#3
Rustic & Blue (back room area)

Opens at: 8:30 AM – 10 PM
WiFi: Strong
Price of an Americano/cappuccino : 70/95
Coffee tastes : Good – western, farm to table style

This place has great coffee and WiFi, but be warned that they charge western prices – we always end up spending way too much money here.We like to camp out in the back separate air-conditioned section of the place where there are large tables and it’s quieter, but the usually close this section off by 2PM.

If you’re craving some farm to table type of food, this is the place for you.

#4
UResto&Liqour

Opens at : 8.30 AM till late 
WiFi : Always strong because it’s usually empty.
Price of an Americano/cappuccino : 65/75 (50/60 on special at time of writing). 
Coffee taste : Depends on the barista, the guy in the morning is a really good barista and then the coffee is shit not as good after he leaves.

Finally, I need to mention this place because it is completely off the radar due to its misleading name.I spent many, many hours working here because the place is modern, spacious and open (a little quirky Thai style decor here and there) but it was usually quiet with no customers and thus the WiFi was amazing.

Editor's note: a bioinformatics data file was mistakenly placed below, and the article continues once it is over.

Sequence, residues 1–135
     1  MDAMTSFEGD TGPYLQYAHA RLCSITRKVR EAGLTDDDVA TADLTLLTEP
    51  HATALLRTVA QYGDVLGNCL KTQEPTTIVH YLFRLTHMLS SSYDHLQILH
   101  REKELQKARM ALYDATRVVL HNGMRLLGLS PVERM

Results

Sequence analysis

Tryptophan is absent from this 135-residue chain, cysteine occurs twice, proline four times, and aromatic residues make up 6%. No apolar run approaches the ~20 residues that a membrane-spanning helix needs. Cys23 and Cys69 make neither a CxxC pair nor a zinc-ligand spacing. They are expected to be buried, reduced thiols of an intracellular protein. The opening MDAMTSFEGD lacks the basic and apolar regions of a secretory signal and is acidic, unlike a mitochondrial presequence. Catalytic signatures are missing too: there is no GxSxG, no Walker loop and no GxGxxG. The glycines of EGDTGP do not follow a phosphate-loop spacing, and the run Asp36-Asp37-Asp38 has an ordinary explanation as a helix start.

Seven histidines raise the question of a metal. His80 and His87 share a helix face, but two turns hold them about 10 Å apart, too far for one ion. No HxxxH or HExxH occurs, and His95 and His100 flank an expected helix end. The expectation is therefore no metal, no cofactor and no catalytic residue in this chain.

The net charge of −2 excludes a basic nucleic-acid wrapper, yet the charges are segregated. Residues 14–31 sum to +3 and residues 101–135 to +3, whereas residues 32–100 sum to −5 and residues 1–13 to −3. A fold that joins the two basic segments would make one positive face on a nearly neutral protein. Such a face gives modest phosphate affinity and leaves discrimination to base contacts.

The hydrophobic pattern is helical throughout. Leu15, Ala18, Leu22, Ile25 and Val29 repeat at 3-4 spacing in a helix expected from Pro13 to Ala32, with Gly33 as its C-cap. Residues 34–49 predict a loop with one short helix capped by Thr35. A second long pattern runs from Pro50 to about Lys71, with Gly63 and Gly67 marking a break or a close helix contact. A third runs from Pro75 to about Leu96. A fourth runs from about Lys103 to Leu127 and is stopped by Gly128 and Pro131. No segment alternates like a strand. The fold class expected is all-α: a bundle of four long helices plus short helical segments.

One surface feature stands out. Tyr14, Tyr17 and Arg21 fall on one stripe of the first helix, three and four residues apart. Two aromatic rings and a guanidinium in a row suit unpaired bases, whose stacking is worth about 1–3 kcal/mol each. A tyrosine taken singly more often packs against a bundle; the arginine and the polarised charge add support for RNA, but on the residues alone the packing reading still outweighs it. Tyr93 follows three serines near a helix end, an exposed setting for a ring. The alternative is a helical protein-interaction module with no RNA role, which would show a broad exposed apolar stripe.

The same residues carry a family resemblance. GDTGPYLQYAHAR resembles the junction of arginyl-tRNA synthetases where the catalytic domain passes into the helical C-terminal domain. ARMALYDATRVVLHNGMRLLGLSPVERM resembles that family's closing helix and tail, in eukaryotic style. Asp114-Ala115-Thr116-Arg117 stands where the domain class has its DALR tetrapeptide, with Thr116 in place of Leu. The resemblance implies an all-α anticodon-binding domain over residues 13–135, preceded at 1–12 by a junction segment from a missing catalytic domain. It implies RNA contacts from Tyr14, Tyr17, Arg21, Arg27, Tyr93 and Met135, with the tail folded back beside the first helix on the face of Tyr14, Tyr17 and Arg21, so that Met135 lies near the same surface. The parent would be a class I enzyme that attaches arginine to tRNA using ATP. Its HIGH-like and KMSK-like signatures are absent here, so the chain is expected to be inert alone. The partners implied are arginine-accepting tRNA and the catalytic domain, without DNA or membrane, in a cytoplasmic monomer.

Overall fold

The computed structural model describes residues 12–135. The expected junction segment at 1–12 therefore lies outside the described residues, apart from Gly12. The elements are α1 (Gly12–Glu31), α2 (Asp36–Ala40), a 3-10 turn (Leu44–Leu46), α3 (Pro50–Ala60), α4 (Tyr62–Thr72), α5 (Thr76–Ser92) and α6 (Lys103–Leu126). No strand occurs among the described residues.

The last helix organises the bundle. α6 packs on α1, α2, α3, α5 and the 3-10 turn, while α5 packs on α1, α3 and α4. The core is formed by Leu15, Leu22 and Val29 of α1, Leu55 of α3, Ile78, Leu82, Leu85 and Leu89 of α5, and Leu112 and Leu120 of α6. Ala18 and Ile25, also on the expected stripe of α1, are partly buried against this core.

Sometimes the staff play the music a little loud but you can tell them to turn it down a little.

You also get a loyalty card and stamps for every coffee and food dish ordered which is really nice touch. The food available here is local Thai and costs about 40 baht for the typical Stir Fried Basil Dish, 10 baht more for a fried egg. 65 baht big bottles of Chang are also nice way to end the work day.

#5
Ab Petite Cafe

Opens at: 11AM – 8PM (closed on Tuesdays)
WiFi: Medium, can be patchy in the afternoons
Price of an Americano/cappuccino : 40/55
Coffee tastes : Drinkable

Popular with Japanese expats (they also offer menus in Japanese), Ab Petite is a cutesy cafe that is spacious and reasonable. Best to work on articles here for a few hours. They also serve food at reasonable prices.


Although working from my apartment is do-able and cheaper…I know myself. And if I’m left to my devices in my apartment, I tend to procrastinate more, watch movies or paint my nails.

So going to a cafe forces me to put 4 hours aside for pure productiveness, then I usually go for food. And then rinse and repeat.

Happy working everyone!

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Worthy Mentions that Didn’t Make the Cut

ALEXA Hostel

top cafe chiang mai work digital nomad
This didn’t make my list because it didn’t match my criteria of needing to be air-conditioned, but it’s really nice to work here in the mornings and on cooler days. Large tables and clean minimalist surroundings allow for a good flow of chi, ideas and work to be done in this space. There is always a western manager around keeping an eye on things and they give you a loyalty card for coffee as well. Coffee prices are 65 for Americano or cappuccino.

No. 39 Cafe

This cafe is hidden near the foothills of Doi Suthep and doesn’t have that much of a working area but the grounds are really unique and relaxing. Look, so pretty!

top cafe chiang mai work digital nomad